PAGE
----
But don't start imagining an "Islands of Adventure Japan" just yet.
Since its opening in 2001, Universal Studios Japan has grown to be Universal's most popular theme park, attracting more than 10 million visitors a year, according to the TEA/AECOM annual attendance report. (It's the most popular non-Disney theme park in the world.) With The Wizarding World of Harry Potter opening at the park last summer, Universal Studios Japan is enjoying all-time record attendance, leaving its owner ready to expand to take advantage of this growing demand for theme park entertainment. Note that Universal Studios Japan is owned by USJ Co., a Japanese company, and uses the Universal Studios name and brands under license from Comcast-owned NBCUniversal.
But USJ's path toward expansion isn't as simple as the ones followed by other multi-park resorts, in Orlando, Southern California, Paris, and even Tokyo. First, a second park from USJ won't be built adjacent to its existing park in Osaka. There simply isn't room for another park on the site, no matter how creatively designers try to fit one there. Gumpel told reporters that USJ is looking at a site in Okinawa, possibly on the site of a soon-to-be-vacated U.S. Marine base.
So not only won't the park be part of the Universal Studios Japan resort, it might not even be a Universal Studios-branded theme park. Gumpel told reporters that the park will not be based on movies or television properties, and an initial budget for the park was reported to be in the range of US$200 million.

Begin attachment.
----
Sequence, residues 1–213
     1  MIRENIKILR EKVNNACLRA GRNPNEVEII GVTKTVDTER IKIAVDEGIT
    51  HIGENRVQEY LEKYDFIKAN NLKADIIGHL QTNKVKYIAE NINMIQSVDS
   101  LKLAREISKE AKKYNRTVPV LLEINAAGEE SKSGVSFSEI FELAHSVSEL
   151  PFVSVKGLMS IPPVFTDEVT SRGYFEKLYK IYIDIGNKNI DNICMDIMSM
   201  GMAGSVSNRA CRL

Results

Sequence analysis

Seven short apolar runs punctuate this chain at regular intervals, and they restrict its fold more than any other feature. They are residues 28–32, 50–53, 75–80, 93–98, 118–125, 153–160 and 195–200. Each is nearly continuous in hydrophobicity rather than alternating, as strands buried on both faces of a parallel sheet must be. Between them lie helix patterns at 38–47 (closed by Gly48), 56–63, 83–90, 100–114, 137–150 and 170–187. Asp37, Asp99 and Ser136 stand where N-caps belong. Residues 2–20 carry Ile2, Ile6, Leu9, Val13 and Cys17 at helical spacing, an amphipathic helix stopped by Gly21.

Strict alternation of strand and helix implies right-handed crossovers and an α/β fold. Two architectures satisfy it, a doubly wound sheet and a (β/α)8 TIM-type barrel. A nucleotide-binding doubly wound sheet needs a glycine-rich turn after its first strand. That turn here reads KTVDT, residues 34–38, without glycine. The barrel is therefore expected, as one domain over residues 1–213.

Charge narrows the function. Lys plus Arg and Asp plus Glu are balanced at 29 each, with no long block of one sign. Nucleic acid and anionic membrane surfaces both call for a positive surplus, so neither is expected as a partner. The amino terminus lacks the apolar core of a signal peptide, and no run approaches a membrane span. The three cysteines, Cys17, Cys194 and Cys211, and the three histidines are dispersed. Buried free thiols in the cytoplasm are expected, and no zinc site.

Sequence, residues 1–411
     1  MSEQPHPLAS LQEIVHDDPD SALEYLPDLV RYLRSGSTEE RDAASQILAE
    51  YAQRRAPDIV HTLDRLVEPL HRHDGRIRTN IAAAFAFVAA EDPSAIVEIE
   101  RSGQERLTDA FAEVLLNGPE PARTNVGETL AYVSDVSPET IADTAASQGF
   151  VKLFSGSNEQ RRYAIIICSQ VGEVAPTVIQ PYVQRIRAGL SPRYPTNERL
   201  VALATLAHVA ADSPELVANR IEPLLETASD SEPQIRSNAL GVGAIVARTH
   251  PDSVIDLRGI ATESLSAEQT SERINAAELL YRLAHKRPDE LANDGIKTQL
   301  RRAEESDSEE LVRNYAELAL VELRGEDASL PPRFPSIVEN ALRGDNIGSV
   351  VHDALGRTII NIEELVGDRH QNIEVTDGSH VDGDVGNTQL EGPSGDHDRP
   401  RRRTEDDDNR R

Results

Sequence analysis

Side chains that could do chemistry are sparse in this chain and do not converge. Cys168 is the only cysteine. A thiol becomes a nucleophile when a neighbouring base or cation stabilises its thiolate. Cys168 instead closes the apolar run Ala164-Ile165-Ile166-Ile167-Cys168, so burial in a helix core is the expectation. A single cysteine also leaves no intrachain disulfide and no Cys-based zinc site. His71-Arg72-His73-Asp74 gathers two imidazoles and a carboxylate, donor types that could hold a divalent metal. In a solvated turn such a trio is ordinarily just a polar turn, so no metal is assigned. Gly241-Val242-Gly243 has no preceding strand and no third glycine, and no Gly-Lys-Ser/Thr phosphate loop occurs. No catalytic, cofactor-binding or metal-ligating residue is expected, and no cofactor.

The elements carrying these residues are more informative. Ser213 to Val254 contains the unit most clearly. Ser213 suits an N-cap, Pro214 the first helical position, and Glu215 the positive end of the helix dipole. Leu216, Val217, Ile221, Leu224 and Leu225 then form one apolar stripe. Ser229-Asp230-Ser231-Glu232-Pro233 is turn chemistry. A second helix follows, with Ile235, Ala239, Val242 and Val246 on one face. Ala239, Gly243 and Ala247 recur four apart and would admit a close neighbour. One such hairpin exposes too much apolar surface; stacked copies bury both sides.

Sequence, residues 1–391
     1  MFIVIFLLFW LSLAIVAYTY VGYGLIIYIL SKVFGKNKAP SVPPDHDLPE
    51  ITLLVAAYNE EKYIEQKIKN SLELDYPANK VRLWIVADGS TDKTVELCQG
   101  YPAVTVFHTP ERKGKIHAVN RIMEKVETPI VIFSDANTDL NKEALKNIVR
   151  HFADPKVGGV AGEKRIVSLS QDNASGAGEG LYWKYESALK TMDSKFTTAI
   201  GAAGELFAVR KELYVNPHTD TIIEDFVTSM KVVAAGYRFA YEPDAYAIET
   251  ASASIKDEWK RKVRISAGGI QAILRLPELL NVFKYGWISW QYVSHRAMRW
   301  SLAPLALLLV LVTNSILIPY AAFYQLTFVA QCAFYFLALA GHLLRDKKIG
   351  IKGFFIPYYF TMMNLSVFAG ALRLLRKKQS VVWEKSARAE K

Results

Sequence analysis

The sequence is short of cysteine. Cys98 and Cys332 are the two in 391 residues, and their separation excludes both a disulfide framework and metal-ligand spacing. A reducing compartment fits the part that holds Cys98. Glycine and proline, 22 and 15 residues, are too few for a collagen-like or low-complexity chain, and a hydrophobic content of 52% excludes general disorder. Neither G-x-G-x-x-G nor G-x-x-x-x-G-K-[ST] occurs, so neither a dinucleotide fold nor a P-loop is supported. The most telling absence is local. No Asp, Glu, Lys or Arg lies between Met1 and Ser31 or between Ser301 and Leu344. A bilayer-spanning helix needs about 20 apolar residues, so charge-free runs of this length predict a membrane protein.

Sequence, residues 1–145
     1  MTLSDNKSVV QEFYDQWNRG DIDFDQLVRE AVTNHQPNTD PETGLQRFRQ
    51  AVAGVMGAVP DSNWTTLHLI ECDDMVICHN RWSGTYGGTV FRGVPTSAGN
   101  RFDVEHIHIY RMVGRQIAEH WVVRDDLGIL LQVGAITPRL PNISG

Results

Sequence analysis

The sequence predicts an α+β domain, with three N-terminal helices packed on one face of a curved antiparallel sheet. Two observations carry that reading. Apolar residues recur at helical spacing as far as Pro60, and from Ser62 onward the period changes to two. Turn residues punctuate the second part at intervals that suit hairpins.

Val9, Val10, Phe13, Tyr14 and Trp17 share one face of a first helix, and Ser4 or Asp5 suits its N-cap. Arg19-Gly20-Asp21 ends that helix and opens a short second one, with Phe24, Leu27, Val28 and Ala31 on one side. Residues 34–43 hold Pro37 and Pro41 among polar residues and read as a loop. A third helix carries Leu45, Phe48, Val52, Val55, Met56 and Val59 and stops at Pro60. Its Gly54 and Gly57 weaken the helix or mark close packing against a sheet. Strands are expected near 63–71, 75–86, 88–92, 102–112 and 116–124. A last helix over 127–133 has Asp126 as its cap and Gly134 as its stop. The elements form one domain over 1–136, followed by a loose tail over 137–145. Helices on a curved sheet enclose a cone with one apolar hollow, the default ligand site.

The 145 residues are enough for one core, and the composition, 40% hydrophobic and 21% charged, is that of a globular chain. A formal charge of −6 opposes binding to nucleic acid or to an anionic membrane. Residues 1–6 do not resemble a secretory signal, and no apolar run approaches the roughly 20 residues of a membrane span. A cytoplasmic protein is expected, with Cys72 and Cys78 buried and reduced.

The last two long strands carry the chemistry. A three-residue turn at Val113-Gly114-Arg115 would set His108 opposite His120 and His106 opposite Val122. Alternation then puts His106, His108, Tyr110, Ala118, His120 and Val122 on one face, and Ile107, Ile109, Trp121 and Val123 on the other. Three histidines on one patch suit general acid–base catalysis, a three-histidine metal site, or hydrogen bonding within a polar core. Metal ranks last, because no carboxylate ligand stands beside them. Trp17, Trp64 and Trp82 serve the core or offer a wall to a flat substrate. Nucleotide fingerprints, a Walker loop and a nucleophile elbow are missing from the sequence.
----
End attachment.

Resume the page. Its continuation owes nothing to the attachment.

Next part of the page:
That is nothing for a Universal-caliber theme park. Universal Studios Japan's Wizarding World of Harry Potter alone has been said to have cost twice that. At this budget level, we're looking at an iron park with no theming, or one whose relatively simple attractions are based on characters and stories in the public domain.
A park like that might be owned by USJ Co. and might even be packaged with Universal Studios Japan for multi-day tickets and annual passes. But it won't be anything like what theme park fans have come to expect from Universal-branded theme parks, which rely heavily on established, contemporary IP [intellectual property] for themes and narratives driving their attractions.
So if you have visions of Universal building its version of "DisneySea," following the plan that rival Tokyo Disneyland did when it expanded to a second gate, stop now. From all that USJ is saying about its plan, fans should expect something more like a regional amusement park, aimed at locals, rather than another park that will command attention from theme park fans around the world.
Update: Just to bring home the point, a Universal official in Orlando emailed me, "Universal Parks & Resorts is not involved with this project in any way... It will not be a Universal theme park and will not be named or branded as such. It will not contain any Universal rides, shows or attractions."
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